The Importance of Data Backups—Plus Best Practices For Freelancers
As of late 2017, an estimated 36 percent of the American workforce was made up entirely of freelancers, a number projected to grow to include the majority by 2027. This growth would not be possible without the modern industrial revolution that is technology and the Internet. By 2009, the Internet economy itself had created 1.2 million jobs and, last year 71 percent of freelancers said the amount of work they obtained online increased.
With this revolution, however, comes the question of the ever-intangible place where all of this important work exists.
Digital strategy and research consultant Ismail Jadun created World Backup Day (March 31st) to increase awareness for businesses and individuals who may not realize how important it is to regularly backup their data. According to Jadun, World Backup Day began when someone on Reddit lost their hard drive and wished someone had reminded them to back up.
This individual isn’t alone: 30 percent of people have never backed up their devices once, and more than half say they know someone or have themselves lost precious files.
Why backing up your data is important
What makes backing up so important? Put simply, data loss is more common than you might think. The reasons for data loss include losing or damaging your device, device theft or hardware failure, ransomware, and data breaches. According to Consolidated Technologies, Inc., the top 10 causes of data loss are as follows:
- Human Error
- Viruses & Malware
- Hard Drive Damage
- Power Outages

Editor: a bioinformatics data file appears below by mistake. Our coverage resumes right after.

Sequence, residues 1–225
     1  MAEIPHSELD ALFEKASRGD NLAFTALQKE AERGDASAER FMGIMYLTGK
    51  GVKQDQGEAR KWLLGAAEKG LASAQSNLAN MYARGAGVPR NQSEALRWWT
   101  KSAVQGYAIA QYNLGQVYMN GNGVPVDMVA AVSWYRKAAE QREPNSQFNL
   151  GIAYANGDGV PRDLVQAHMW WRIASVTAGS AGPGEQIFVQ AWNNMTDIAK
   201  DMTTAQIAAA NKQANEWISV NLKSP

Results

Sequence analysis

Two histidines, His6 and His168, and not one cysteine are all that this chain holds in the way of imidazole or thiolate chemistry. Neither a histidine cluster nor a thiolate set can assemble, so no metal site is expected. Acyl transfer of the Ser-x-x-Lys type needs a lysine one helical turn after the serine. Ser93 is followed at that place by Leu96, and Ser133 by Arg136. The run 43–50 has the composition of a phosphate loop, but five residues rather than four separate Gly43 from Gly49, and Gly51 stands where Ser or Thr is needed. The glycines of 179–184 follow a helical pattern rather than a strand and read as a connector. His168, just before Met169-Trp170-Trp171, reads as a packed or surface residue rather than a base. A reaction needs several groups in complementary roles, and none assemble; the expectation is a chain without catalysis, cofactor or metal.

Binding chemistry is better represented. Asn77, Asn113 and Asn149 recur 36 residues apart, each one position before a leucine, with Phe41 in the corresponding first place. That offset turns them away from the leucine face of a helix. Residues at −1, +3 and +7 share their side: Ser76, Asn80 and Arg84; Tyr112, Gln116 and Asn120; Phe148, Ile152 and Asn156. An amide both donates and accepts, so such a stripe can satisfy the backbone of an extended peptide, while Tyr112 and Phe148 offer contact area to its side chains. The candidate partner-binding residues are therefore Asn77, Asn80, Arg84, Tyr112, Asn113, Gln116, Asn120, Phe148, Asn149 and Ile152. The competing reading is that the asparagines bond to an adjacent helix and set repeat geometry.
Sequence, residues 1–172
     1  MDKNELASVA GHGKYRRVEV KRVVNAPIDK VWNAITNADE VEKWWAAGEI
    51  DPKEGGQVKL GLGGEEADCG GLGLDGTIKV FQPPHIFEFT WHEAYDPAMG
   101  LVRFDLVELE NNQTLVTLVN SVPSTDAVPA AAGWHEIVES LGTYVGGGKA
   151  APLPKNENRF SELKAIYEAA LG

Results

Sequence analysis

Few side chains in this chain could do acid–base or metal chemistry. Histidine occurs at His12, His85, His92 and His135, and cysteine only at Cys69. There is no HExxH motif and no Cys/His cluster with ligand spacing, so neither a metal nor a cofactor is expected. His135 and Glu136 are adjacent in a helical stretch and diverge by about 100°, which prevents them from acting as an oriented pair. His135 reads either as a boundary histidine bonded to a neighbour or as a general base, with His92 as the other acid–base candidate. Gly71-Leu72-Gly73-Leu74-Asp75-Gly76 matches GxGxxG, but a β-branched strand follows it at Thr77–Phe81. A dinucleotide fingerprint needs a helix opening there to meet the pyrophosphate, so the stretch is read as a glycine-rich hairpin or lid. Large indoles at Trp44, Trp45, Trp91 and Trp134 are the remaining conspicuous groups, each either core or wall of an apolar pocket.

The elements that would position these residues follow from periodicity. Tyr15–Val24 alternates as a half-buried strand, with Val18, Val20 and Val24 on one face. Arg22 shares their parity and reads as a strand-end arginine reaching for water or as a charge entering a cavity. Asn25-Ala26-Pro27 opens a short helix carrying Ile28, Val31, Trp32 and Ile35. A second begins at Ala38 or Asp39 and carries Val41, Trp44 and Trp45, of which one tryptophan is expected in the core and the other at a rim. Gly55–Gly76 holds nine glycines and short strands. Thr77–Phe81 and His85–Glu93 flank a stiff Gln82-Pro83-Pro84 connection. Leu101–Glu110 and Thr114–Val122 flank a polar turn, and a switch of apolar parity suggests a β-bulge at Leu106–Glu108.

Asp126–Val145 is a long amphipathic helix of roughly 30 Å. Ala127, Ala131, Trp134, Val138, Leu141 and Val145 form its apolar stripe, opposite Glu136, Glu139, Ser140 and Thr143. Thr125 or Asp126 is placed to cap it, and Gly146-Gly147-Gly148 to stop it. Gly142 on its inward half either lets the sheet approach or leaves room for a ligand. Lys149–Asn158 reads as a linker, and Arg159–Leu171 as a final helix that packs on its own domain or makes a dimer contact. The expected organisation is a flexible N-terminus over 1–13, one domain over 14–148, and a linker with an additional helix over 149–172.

- Device Theft
- Liquid Damage
- Software Corruption
- Hard Drive Formatting
- Hackers and Insiders
Internet and cybercrime resulting in data breaches, specifically, are on the rise. According to the FBI’s Internet Crime Complaint Center (IC3), over the last five years, there have been an average of more than 280,000 complaints per year that “address a wide array of Internet scams affecting victims across the globe.” In 2017, data breaches cost U.S. businesses $7 million.
When asked about the most common type of cybercrime, Law Enforcement Officer and Cyber Crimes Investigator Sgt. Justin Feffer stated, “Business email compromise (BEC) and hacked accounts due to the theft of stolen passwords are the two most common and easiest cybercrimes to prevent.” BEC attacks, he explains, “involve the use of targeted emails asking the victim to wire funds for a fraudulent transaction.”
Technology has made the fight to protect data both easier and more difficult. “Computers and modern technology have proven a double edged sword in the fight against crime,” says Feffer. “Tools such as TOR (The Onion Router), dark web marketplaces, cryptocurrencies, robust mobile device encryption, and encrypted communications services have created extreme challenges to law enforcement.”
Whether you work as a freelance writer, a video editor, designer, a translator, or something else, backing up your data properly has essentially become non-negotiable.
Backup best practices to follow
There are a number of ways to keep your data secure, but following a proper backup protocol is the only virtually guaranteed way to protect your data, regardless of external threats or circumstances.
The 3-2-1 Strategy
A trustworthy backup system should be based on what’s known as the 3-2-1 strategy.
A 3-2-1 strategy means having at least three total copies of your data, two of which are local but on different mediums (read: devices), and at least one copy off-site.